Controversy continues to shadow the development of the Grand Inga III project, with the latest arising from a report titled ‘I Need You, I Don’t Need You: South Africa and Inga III,’ which probes South Africa’s commitment to the project.
The joint report, issued by the Congo Research Group and consulting firm Phuzumoya Consulting, looks into South Africa’s foreign and economic policy and linkages to the hydropower project.
According to the report, buying electricity from Inga III is risky and may be more expensive than most other sources available to South Africa.
South Africa’s updated Integrated Resource Plan (IRP) envisages that the country’s energy mix would include: coal 59%, nuclear 5%, hydro 8%, photovoltaic 6%, wind 18%, and gas and storage 2% — through to 2030.
The report highlights that the IRP2019 represents a significant shift away from coal, which currently produces around three-quarters of Eskom’s power.
Some estimates suggest that the cost of renewable energy will equal the cost of non-renewable energy by 2030, providing additional impetus for this transition away from coal and the need for hydropower from Inga.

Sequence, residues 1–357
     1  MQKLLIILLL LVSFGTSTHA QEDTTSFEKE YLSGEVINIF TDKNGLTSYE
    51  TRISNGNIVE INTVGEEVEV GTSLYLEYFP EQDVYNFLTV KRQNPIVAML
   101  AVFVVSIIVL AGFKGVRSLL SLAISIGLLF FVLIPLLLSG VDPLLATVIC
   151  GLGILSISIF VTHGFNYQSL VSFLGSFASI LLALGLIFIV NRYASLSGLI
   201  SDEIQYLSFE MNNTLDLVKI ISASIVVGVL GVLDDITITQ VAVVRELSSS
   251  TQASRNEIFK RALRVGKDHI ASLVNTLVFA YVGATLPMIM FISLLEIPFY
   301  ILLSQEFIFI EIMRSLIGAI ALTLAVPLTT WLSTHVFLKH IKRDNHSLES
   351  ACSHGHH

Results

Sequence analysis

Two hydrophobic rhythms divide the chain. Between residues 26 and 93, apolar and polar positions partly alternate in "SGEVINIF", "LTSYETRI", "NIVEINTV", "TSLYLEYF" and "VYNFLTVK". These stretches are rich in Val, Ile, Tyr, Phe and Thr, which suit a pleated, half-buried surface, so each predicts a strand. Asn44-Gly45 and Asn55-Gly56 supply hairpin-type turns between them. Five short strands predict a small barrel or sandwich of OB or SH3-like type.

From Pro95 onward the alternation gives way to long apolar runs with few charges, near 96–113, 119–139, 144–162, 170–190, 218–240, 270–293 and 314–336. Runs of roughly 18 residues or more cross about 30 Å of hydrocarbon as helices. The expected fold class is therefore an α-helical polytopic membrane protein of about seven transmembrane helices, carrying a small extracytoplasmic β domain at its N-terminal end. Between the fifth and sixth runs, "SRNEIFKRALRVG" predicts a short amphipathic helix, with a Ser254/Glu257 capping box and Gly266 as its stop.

The report cited the IRP stating that buying power from Inga figured among its “applied policy adjustments and considerations.” The government conceded that this move, along with other “adjustments and considerations” — which were not explained — would result in about 5% higher tariffs by 2030 compared to the least-cost scenario.
However, according to the IRP, this higher cost could be justified through the benefit of having consistent and predictable electricity, as well as by the regional economic benefits of Inga hydropower, from which South Africa would also stand to gain, says the report.
The report further points out that during a joint seating among Members of Parliament, a question from the main opposition party, the Democratic Alliance (DA), demanded to know why there was a deviation from the least-cost scenario to accommodate Inga, asking “how will South Africa benefit?”
Former energy minister Jeff Radebe in his response said: “Inga is a very good project for us, for SADC and for Africa. It is part of Agenda 2063. At the African Development Bank, it is one of the top priorities of the new boss there. It is of benefit to all Africans that it is implemented as soon as possible.”
Agenda 2063 is the African Union’s (AU) strategic framework for economic development over the next 50 years.
The AU has identified 12 flagship projects or initiatives, which it deems “very urgent and relevant and whose immediate implementation will provide quick wins.” Grand Inga is listed among these projects.
Despite Radebe’s defense of Inga III, critics have underlined that Inga would cost 2-3c/kWh [more than the lowest cost scenario, which would mean an additional R175 million ($12 million) cost to the economy per year].
South Africa is not in need of more energy
According to the report, Eskom’s head of grid planning Mbulelo Kibido has stated that there would need to be an entirely new transmission line first from Inga to the Congo border, and then from the Congo border to South Africa.